Indeed, with the line between machine and human blurring, the movie Her not only in general terms raises questions about the nature of human consciousness but in a more direct way forces the movie-goer to consider whether the operating system Samantha is merely an “it” or, in fact, a “her.” In this crucial respect, Her, in a Hollywood digitized format, explores crucial questions that have long troubled philosophers, computer scientists, AI engineers, among others.

Joseph Weizenbaum, a prominent computer scientist and a professor emeritus at MIT, is a case in point. His 1966 natural-language processing system called ELIZA, named after the ingénue in George Bernard Shaw’s Pygmalion, is in some ways a progenitor to Samantha in the movie Her. In his groundbreaking 1976 book “Computer Power and Human Reason: From Judgment to Calculation,” expressing his deep-seated reservations towards computer technology, particularly what developments in artificial intelligence could lead to, Weizenbaum reflects on the deeply personal relationship his students and others in the MIT community developed overtime to his program ELIZA. One of the first chatterbots that is said to have passed the famed Turing Test, ELIZA operated by “processing user’s responses to scripts, the most famous of which was DOCTOR, a simulation of a Rogerian psychotherapist” (wiki). Realizing that his ELIZA program was becoming something of a “national playing,” with humans and a language processing system interacting in life-like ways, Weizenbaum began noting his observations about the intriguing phenomenon. In “Computer Power and Human Reason,” he notes three district events:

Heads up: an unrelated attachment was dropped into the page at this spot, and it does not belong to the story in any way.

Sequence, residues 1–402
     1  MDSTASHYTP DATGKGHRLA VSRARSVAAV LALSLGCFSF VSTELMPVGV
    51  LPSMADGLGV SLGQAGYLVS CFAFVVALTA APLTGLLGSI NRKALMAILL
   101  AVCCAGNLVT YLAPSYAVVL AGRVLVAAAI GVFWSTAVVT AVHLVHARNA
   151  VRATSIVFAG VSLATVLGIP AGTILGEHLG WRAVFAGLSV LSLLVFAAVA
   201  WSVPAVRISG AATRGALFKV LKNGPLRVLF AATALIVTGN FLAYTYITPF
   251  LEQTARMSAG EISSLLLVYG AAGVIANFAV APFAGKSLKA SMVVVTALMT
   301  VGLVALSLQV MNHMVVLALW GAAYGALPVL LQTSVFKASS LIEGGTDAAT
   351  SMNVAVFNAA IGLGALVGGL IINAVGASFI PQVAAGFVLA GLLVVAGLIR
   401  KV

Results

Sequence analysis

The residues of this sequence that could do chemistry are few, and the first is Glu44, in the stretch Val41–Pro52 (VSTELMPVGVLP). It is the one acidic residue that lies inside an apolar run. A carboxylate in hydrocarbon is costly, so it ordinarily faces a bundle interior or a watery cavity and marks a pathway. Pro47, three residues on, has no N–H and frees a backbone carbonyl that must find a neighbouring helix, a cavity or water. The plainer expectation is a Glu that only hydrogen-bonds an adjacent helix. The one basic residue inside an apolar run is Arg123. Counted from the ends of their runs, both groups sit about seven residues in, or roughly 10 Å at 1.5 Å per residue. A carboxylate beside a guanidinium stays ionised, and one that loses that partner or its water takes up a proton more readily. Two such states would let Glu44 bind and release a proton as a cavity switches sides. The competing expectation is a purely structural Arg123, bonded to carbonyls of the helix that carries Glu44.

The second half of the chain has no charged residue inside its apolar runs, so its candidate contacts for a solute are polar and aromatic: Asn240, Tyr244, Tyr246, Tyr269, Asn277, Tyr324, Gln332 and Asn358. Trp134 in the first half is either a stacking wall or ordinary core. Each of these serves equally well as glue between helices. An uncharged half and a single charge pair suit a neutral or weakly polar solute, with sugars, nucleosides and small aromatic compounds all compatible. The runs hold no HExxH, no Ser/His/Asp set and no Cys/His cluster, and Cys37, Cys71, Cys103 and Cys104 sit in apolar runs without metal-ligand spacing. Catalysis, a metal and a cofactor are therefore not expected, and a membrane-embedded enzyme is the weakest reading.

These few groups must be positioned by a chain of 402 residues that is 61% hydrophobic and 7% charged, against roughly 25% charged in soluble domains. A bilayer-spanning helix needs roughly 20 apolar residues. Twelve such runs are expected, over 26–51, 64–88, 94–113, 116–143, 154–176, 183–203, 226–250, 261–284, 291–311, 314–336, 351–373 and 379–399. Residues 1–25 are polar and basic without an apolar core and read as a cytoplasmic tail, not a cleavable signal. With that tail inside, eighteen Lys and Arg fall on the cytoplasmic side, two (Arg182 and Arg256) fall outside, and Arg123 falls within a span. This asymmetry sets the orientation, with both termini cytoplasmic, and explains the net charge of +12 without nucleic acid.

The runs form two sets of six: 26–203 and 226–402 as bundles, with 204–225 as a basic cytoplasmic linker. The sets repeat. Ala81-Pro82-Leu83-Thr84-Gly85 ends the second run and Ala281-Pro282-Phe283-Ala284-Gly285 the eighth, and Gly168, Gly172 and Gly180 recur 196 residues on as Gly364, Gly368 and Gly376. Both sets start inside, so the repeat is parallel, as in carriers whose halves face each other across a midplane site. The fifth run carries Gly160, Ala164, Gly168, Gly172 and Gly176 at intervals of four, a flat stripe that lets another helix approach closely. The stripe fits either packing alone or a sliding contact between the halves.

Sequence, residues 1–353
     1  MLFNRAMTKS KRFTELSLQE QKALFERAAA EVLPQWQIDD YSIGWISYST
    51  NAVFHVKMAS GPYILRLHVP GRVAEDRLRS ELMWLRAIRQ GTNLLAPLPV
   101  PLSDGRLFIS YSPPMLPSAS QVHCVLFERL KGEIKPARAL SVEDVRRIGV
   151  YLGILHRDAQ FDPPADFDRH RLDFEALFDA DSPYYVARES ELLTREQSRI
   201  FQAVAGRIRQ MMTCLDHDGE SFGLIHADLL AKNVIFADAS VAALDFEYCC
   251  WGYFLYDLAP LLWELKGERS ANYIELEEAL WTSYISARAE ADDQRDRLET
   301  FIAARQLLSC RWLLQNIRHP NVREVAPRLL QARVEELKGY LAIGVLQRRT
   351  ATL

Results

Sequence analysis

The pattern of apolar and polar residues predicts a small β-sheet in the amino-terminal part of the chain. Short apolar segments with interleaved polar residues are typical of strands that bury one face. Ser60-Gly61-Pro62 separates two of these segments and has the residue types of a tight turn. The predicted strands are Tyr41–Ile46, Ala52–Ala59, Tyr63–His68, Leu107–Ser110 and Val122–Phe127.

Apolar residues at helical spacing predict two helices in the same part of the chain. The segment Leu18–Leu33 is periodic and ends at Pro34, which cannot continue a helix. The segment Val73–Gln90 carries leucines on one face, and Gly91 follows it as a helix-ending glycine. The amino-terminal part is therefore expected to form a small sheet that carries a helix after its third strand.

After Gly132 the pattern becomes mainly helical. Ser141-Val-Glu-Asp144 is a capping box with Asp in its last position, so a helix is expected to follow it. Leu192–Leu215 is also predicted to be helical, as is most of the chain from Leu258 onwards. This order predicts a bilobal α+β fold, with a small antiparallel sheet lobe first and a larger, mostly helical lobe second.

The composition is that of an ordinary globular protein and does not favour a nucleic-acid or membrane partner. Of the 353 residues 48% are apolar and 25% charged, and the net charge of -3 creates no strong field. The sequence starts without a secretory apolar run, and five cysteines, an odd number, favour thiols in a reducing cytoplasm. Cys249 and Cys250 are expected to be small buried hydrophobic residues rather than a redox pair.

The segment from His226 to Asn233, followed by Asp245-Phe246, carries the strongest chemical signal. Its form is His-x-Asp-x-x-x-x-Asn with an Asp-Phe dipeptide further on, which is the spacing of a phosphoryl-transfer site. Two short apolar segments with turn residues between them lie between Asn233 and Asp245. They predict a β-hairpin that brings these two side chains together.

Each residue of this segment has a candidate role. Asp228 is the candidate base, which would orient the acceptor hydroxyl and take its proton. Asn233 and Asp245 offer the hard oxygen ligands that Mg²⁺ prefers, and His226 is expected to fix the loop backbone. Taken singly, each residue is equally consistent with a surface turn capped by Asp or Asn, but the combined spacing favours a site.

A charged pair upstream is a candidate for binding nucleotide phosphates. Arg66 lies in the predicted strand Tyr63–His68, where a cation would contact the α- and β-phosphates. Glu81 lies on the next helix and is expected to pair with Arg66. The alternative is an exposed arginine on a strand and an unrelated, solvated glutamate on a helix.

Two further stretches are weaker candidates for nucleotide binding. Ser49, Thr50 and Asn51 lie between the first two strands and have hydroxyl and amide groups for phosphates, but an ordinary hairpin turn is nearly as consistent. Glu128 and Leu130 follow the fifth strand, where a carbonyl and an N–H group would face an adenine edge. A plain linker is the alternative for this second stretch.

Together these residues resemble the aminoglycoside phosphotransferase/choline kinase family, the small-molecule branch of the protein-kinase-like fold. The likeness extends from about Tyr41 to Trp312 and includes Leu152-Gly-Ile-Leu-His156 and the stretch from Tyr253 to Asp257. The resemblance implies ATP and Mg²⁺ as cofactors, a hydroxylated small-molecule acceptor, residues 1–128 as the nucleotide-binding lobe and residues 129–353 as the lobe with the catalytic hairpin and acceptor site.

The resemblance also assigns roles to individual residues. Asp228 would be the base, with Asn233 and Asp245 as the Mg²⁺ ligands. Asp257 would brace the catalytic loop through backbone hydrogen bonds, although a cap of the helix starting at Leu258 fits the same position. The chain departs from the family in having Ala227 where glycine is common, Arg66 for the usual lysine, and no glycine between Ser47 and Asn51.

1. “A number of practicing psychiatrists seriously believed the DOCTOR computer program could grow into a nearly completely form of psychotherapy” (5). Even the world-renowned astrophysicist Carl Sagan, commenting on ELIZA in a 1975 article in Natural History, opined: “In a period when more and more people in our society seem to be in need of psychiatric counseling, and when time sharing of computers is widespread, I can imagine the development of a network of computer psychotherapeutic terminals, something like arrays of large telephone booths, in which, for a few dollars a session, we would be able to talk with an attentive, tested, largely, non-directive psychotherapist” (5).